Op-Ed

Career-college grads contribute greatly to state’s economy

TNS

Career colleges and universities play a major role in educating Florida residents, and the results speak for themselves. In the past five years, more than 500,000 graduates have completed degree and certificate programs for jobs critical to Florida’s economy.

The person who takes your temperature at the doctor’s office, the person at your computer help desk, the person who cuts your hair and the person who prepared your meal most likely graduated in Florida from a career school.

Graduation rates for students in two-year programs at career colleges — the majority of our students — are three times the rates of comparable public two-year institutions, according to the U.S. Department of Education. Our students who earn their bachelor’s degree earn substantially higher incomes than state university graduates as documented by the National Center for Education Statistics last December.

Florida’s private, taxpaying, postsecondary institutions educate more than 60 percent of Florida’s information-technology and healthcare graduates, more than 80 percent of the state’s culinary and commercial truck driver graduates and more than 90 percent of its cosmetology graduates.

The Miami Herald found such a track record unworthy of reporting, but focused instead on 158 student complaints over an 18-month period in three South Florida counties that served over 108,000 students.

Statewide, fewer than one of every thousand student have complained to regulators about any issues regarding their experiences.

The stories in the Herald series Higher Ed Hustle failed to point out that 80 percent of schools have zero complaints filed with regulators.

Every student deserves a high quality education. Valid issues that students face should be resolved. Multiple safeguards exist to assure that this is the case, including those provided by the institution, the independent accrediting body and the state.

Regarding the complaints in question, all were reviewed by the state regulator, the Commission for Independent Education (CIE). The CIE invited the Herald reporter to show one instance in which the law or state regulation was not enforced in any complaint closed by the CIE. The reporter failed to respond. Instead, he chose to retry complaint cases without balancing the story.

The reporter also failed to recognize that, in 2009, the state was facing a looming workforce crisis, forcing the state’s healthcare facilities to actively recruit nurses from other states and foreign countries. After the Florida Center for Nursing projected increasingly large deficits in Licensed Practical Nurses (LPNs) and Registered Nurses (RNs), the Florida Legislature allowed career colleges to increase their offerings in nursing. There were few dollars in the state budget available to address the need.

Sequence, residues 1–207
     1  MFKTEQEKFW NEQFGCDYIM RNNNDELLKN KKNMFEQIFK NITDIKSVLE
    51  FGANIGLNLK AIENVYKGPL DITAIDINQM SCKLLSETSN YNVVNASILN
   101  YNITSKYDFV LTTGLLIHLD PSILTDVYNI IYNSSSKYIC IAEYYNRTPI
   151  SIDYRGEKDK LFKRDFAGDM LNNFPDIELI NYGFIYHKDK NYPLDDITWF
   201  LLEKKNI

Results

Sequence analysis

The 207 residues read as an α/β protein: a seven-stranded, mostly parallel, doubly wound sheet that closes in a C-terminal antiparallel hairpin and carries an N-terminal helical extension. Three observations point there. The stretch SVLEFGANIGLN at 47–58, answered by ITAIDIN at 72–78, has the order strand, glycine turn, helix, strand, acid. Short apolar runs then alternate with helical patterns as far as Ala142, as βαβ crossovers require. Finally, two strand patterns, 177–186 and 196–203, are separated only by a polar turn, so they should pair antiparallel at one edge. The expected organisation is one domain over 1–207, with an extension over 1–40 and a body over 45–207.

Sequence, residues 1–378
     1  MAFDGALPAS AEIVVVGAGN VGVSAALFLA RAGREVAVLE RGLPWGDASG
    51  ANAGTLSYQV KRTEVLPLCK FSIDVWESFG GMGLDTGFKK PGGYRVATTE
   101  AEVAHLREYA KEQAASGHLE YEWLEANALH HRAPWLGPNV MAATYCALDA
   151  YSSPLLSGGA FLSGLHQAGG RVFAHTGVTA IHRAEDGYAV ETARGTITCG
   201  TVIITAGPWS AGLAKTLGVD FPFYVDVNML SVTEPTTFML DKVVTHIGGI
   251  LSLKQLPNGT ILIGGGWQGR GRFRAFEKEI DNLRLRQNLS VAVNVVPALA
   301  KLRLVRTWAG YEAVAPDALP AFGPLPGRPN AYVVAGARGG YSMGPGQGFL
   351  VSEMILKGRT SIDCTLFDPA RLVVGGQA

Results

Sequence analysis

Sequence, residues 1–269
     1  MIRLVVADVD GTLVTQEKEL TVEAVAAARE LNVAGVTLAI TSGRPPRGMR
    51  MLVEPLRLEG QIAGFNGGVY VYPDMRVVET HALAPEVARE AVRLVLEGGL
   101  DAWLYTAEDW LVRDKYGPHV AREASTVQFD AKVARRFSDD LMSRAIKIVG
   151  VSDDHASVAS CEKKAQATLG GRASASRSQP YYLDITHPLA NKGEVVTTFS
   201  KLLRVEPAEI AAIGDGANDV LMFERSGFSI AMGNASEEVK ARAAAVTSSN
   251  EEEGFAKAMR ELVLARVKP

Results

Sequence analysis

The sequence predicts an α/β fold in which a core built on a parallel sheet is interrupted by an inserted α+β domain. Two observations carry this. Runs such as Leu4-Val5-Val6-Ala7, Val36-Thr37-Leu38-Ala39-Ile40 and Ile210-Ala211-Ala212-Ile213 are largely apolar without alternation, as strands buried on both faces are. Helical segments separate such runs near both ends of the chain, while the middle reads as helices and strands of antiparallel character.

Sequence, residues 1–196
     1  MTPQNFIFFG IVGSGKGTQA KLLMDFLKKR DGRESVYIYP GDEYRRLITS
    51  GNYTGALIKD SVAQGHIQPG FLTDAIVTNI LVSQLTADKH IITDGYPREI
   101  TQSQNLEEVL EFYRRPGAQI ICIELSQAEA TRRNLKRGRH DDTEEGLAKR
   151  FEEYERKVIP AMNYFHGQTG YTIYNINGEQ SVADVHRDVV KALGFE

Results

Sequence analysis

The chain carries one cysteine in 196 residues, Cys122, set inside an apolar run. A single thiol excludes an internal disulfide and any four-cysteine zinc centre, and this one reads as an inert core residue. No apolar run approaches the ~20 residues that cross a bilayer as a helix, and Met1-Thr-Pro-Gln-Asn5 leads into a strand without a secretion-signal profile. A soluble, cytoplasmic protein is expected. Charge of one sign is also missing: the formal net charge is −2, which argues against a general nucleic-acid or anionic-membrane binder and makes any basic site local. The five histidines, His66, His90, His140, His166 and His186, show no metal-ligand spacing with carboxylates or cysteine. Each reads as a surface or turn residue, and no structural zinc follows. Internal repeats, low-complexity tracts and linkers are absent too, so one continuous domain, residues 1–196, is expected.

Without taxpayer expense, private college students have become a key part of the solution to the critical shortage in nurses. Since 2009, virtually all the growth in nursing in Florida has come from private colleges. Private career colleges and schools produced 10,000 more nurses from 2009 to 2014 than they did in 2008. The state universities and community colleges increased the number of nurses they were producing by fewer than 1,500 over the six-year period.

More than 20,000 educators and college staff work in Florida’s private schools and universities to ensure the success of the students we serve.

Most of our students are not right out of high school, but have jobs and families. Many of them are the first in their families to pursue an education beyond high school.

Our students are adults with adult responsibilities and an adult’s perspective on making the right postsecondary choices. They choose our schools for year-round enrollment, flexible course scheduling, convenient campus locations and online offerings.

We want every student to have the opportunity to work hard and succeed. Their education opens doors that would otherwise be shut.

The Miami Herald used a lot of ink to highlight exceptions to the rule, failing to recognize accomplishments of thousands of productive, working Floridians and their contributions to our state.

Curtis Austin is the executive director of the Florida Association of Postsecondary Schools and Colleges (FAPSC) in Tallahassee, Florida.

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